The Jakarta Post
As public attention has focused on the increasingly heated presidential election campaign, it is easy to forget tens of thousands of candidates vying for seats at national and local legislatures.
Nearly 8,000 candidates are running for 575 seats at the House of Representatives and tens of thousands are running for 19,817 seats at provincial, regency or city-level legislative councils (DPRD).
The simultaneous nature of this year's elections mean the legislative elections have been overshadowed by the hubbub surrounding the presidential race. But even voters who actively seek information have little to go by.
The Association for Elections and Democracy (Perludem) found that 25.5% or 2,049 of the registered House candidates, opted not to disclose their personal information to the public through the General Elections Commission (KPU) website.
"Many of the legislative candidates' profiles, visions and missions, as we as their programs are not available on the KPU's official website," Perludem executive director Titi Anggraini said recently. "This hurts the spirit of freedom of information for the public and the transparency of the 2019 general elections."
She added that Perludem recommended voters only pick candidates that had made their profiles accessible.
"What can we expect from a candidate that does not want to publish their resume?" she said.
However, the Indonesian Justice and Unity Party (PKPI), one of the parties that Perludem found to have the highest number of candidates with unavailable information, said it was merely a technical error.
"Our party's policy is to give as much detailed information as possible and communicate our backgrounds to as many people as possible," PKPI secretary-general Verry Surya Hendrawan, whose own data was marked as unavailable on the website, told The Jakarta Post on Sunday. "We will evaluate the problem and try to rectify it."
But even candidates who have made their information public have listed very broad or vague goals and programs, most only saying that they wanted to help their parties to victory or "bring prosperity to Indonesia."
Some candidates, however, have sought to be more explicit and detailed about what they wanted to achieve if voted into office, particularly nonincumbents and those running for the first time.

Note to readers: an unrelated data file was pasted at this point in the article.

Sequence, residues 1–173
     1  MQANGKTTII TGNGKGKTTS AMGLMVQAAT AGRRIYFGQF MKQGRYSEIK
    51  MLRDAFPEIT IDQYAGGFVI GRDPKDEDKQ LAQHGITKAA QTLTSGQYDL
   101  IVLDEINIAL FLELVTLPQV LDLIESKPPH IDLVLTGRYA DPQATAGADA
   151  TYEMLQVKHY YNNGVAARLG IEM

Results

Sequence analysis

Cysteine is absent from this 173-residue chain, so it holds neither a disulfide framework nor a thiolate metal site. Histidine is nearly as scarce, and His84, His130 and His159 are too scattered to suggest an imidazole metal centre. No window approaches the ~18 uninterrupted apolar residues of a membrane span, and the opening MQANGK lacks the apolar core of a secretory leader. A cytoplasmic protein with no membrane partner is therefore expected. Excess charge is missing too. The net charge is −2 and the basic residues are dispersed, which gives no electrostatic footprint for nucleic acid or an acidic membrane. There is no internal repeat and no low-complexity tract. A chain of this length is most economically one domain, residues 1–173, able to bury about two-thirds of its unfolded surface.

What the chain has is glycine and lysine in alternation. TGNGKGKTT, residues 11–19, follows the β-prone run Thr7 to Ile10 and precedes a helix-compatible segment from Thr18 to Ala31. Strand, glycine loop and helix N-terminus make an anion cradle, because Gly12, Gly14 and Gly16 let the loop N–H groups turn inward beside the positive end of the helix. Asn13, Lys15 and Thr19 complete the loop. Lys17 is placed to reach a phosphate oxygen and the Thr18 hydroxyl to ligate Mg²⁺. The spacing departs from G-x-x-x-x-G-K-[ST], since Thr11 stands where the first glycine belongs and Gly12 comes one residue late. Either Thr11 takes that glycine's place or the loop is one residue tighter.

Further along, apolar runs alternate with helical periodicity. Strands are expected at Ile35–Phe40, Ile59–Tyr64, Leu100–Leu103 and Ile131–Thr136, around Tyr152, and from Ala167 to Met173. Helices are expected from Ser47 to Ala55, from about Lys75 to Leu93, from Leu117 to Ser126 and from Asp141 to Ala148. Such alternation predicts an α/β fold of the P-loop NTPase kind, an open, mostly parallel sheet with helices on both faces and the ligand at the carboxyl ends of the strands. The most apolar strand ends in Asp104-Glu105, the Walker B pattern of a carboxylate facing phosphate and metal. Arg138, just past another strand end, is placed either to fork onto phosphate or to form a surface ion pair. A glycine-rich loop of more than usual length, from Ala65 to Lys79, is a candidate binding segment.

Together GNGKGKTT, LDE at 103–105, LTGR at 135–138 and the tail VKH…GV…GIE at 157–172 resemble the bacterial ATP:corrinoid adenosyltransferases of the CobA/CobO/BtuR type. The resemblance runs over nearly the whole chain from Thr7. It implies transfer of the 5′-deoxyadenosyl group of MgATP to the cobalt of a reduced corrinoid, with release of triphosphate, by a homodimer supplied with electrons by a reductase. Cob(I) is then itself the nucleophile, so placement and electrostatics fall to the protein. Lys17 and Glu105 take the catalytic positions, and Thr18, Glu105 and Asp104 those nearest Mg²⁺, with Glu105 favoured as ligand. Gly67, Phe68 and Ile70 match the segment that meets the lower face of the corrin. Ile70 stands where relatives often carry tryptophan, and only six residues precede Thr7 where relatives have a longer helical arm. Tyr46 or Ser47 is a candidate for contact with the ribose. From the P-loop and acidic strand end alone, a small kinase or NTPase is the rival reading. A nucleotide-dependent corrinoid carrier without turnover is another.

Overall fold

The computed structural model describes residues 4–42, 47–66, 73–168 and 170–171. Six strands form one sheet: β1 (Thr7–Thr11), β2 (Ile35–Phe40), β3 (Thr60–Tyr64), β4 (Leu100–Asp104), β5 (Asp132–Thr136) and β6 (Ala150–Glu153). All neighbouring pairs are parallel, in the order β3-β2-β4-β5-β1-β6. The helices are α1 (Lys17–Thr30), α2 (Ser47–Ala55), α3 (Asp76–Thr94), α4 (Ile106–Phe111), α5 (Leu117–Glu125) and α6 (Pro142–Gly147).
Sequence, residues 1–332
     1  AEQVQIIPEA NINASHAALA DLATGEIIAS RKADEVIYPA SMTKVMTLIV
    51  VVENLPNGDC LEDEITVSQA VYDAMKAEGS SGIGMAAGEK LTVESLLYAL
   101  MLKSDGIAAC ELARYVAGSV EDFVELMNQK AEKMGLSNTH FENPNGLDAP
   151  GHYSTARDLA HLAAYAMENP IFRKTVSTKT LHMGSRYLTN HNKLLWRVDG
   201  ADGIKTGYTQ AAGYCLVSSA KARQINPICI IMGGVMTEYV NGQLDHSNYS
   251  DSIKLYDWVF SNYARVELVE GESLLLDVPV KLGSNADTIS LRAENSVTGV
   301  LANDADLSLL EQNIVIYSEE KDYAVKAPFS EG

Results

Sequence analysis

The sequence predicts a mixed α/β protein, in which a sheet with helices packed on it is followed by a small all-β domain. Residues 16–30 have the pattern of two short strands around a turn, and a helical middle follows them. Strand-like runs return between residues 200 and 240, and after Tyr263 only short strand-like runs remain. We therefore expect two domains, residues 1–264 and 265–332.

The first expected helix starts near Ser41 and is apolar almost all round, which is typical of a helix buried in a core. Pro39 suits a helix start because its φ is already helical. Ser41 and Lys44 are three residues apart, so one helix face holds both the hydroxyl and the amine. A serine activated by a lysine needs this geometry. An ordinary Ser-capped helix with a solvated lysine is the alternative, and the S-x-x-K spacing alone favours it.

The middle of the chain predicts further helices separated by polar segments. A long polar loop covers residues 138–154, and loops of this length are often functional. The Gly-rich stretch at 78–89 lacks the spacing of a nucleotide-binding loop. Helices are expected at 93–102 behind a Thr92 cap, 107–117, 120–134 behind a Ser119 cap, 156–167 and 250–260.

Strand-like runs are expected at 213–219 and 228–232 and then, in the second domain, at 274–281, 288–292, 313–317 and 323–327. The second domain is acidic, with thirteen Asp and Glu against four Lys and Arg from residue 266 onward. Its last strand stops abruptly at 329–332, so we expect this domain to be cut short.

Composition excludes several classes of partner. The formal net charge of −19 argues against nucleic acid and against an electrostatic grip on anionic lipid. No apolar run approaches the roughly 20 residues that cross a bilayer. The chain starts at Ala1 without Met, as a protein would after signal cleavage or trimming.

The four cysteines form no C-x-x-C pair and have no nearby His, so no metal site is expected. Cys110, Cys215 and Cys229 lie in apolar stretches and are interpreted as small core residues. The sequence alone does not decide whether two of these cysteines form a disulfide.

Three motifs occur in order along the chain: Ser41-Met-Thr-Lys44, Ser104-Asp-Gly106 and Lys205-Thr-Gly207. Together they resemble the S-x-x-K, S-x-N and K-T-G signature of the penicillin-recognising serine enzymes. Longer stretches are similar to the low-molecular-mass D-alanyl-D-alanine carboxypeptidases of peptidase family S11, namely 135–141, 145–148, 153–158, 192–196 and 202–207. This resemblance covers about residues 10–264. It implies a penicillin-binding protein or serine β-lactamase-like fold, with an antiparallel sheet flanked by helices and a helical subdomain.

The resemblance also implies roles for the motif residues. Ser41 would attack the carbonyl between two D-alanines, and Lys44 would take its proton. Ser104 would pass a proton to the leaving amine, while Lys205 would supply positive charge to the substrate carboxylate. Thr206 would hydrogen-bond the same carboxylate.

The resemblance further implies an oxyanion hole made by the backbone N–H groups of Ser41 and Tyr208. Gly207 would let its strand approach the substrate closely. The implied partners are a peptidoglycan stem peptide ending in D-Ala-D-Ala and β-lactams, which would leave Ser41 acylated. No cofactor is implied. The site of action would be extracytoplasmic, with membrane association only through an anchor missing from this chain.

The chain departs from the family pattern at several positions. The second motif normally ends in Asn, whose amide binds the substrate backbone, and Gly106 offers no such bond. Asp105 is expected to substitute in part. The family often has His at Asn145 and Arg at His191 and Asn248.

Indonesian Solidarity Party (PSI) candidate Dedek Prayudi, for example, listed his motivation as "helping Indonesia take advantage of the demographic bonus that will peak in 2035."
A former demographics and population researcher, Dedek also aimed to get into House Commission IX, which oversees health care and employment.
“As newcomers, we must be very intense. I went to several areas in my electoral districts, the most remote ones. I went there and they were surprisingly excited that a fresh legislative candidate came to meet them,” he said recently.
Golkar Party legislative candidate Christina Aryani, who is running in the second Jakarta electoral district, also said there was not enough substantive information about many legislative candidates.
To rectify this, Christina created a fold-out business card that displayed her social media profiles (Facebook and Instagram), the four issues she is focused on (women's rights, migrant worker protection, the Indonesian diaspora and the young generation) as well as a brief resume.
"So far the response has been positive," she told the Post on Monday.
Titi said that besides the individual candidates, parties also should be better at communicating what programs they would work toward if they won in the election. "This is one of the weakest points in the legislative elections," she said. "In the future, there should be a debate for party representatives, not only presidential candidates.
Meanwhile, activists from NGOs have tried to remedy the lack of data by providing more information, such as which candidates have graft convictions on their records.
Perludem also encouraged voters to take a closer look at women, disabled and indigenous candidates, while the Indigenous Peoples Alliance of the Archipelago (AMAN) has its own coterie of "AMAN envoys" who have a single clear mission of creating legislation to recognize indigenous peoples.
"We have 157 candidates from 16 parties in both national and local legislative elections," AMAN secretary-general Rukka Somboliggi told the Post on Sunday. "Despite the lack of spotlight on the legislative races, we are focused on getting our candidates elected, so that whoever the president is, indigenous peoples will be recognized and protected."